Behold! Another installment of Peripheral Prospects, the low-price, off-brand fantasy baseball version of Fringe Five. Brad Johnson and I have brought something on the order of five minor leaguers per week who make us feel — like, really feel. These players tend to be unloved and unheralded but very much deserving of love and, uh, herald, not unlike the two authors of this series.
Some quick housekeeping, per usual:
- The last player to miss the cut for my post two weeks ago, Josh VanMeter had been crushing Triple-A pitching and very deservedly got the call between two weeks ago and today. His MLB opportunities have been scarce to date, but he made the most of his minor league reps, hitting an absurd 13 home runs in just 131 plate appearances. He also tacked on five stolen bases while striking out 17.6% of the time and walking 13.0% of the time. Naturally, he checks all of my boxes: demonstrably above-average plate discipline (and/or contact skills) with one or more other above-average tools.
That VanMeter not only annihilated Triple-A pitching without sacrificing his plate approach but also chipped in a few steals made him absolutely fascinating. Only 24, it’s easy to see VanMeter carving out a long-term role with the Reds eventually. Even if the power doesn’t pan out (think .150 ISO, not .400), the on-base percentage and run game could play up enough to make him a useful fantasy regular.
Anyway, VanMeter gets last week’s honorary mention this week.
- Congrats to Matt Beaty on your fortuitously timed promotion and first Major League hit!
Now, back to our regularly scheduled programming:
Devin Smeltzer | 23 | MIN | SP (AAA)
It has become increasingly difficult to ignore Smeltzer. Probably the second-to-last player I cut two weeks ago (there are quite a few players who have piqued my interest this year!), Smeltzer has gained some traction among deep prospectors. Consider this Tweet and post from Prospects 365’s Ray Butler and this scouting report and video from Prospects Live’s (and fellow Tout Wars competitor) Ralph Lifshitz.
My purely statistical, computer-nerd, never-played-a-day-in-your-life stat line scouting: a 30.6% strikeout rate (K%) and 2.8% walk rate (BB%) is really, really good. I know, I know — tough sell.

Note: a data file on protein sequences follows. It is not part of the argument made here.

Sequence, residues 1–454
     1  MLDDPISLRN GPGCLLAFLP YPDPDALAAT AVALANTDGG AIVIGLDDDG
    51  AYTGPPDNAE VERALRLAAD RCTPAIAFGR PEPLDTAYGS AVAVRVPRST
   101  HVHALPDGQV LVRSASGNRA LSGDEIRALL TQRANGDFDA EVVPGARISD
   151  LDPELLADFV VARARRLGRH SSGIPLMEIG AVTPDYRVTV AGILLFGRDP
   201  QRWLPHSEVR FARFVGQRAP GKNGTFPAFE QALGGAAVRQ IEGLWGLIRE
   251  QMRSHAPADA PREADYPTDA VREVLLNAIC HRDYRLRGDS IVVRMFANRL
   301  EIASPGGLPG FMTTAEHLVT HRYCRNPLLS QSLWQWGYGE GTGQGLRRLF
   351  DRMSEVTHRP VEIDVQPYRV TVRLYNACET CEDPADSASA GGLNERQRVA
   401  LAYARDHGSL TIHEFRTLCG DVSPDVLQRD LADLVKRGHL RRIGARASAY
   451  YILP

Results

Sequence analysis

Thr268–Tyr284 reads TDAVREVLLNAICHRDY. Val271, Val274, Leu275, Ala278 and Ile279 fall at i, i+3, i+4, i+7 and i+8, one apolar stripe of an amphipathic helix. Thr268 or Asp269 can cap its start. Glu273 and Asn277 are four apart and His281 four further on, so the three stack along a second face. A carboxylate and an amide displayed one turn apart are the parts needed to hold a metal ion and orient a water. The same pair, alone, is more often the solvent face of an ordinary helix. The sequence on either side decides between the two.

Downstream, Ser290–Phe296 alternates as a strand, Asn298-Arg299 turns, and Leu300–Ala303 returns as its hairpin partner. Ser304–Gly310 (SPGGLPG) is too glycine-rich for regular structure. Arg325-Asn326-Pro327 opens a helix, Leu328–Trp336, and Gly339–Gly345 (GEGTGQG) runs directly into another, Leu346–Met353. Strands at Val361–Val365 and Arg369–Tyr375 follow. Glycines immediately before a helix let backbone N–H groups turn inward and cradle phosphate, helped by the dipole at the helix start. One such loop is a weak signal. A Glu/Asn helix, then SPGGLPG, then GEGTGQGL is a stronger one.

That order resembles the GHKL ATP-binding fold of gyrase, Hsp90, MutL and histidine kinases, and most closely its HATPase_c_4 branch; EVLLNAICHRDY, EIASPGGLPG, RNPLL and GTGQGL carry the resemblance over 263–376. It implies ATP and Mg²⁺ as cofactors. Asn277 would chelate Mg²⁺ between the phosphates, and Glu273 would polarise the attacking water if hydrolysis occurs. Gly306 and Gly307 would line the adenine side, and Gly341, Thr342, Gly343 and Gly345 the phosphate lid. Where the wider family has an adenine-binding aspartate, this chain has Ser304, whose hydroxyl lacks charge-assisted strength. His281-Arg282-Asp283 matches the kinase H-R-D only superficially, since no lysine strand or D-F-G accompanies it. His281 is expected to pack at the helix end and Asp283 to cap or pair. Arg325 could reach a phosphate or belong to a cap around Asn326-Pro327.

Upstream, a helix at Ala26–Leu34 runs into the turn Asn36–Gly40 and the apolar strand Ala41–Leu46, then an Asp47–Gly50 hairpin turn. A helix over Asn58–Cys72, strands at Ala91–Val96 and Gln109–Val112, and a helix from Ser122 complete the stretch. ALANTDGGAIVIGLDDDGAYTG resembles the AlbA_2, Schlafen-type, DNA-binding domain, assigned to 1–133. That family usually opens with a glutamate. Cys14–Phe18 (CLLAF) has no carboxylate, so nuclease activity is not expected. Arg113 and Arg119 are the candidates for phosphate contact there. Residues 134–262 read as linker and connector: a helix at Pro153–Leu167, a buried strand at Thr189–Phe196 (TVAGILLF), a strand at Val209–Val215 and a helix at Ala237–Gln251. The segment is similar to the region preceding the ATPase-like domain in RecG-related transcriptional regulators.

As always, while Smeltzer’s more immediate performance (which earned him a quick promotion from Double-A to Triple-A) is impressive, even his prior performance deserves merit. Across 2017-18 and multiple organizations (he was acquired from the Dodgers by the Twins in the Brian Dozier trade), Smeltzer struck out more than nine hitters and walked fewer than two hitters per nine innings, good for a robust 4.75 strikeout-to-walk ratio (K-BB) and 18.7% strikeout-minus-walk rate (K-BB%). In other words, Smeltzer showed what can be characterized as at least modest skills prior to 2019. This year, he may have taken the vaunted next step.
Only Smeltzer can receive such high praise from Eric Longenhagen and Kiley McDaniel as “one of baseball’s funkiest deliveries.” They add icing to an already delightful cake: “Repertoire depth, plus fastball and breaking ball spin, and efficient strike-throwing all mix with the mechanical deception to enable Smeltzer’s success despite a lack of velocity.” (Also: Smeltzer was featured alongside Peripheral Prospect Eli Morgan in “The Next Prospects Who Could Pull a [Tyler] Glasnow.”) If that doesn’t scream Peripheral Prospect, I don’t know what does.
Garrett Whitlock | 23 | NYY | SP (AA)
It’s one thing to strike out roughly four times as many hitters as you walk. It’s another thing to do so while inducing ground balls at an unusually high rate. Whitlock struggled in his first taste of Double-A last year, but four more starts against tougher competition has seen him return to the high-K, low-BB, high-GB ways that propelled his success at Single-A last year. A 26.6% strikeout rate and 7.6% walk rate will fly, but it looks even better with a 54.3% walk rate.
I’m not saying Whitlock will crack the big-league rotation anytime soon, but the Yankees have shown a knack for developing (or at least identifying) pitching talent, despite their long-standing reputation for simply purchasing talent. Whitlock, once again, checks all the peripherally peripheral boxes, per McDongenhagen: slightly awkward arm action and release (check); throwing his sinker down in the zone (check); not a ton or starters who look like this or pitch like this (check). The excitement for Whitlock is a completely different kind of excitement that one might feel or have felt for Domingo German and Jonathan Loaisiga, but excitement is excitement nonetheless.
Danny Mendick | 25 | CHW | 2B/SS/3B (AAA)
(Previously featured in Carson Cistulli’s Fringe Five)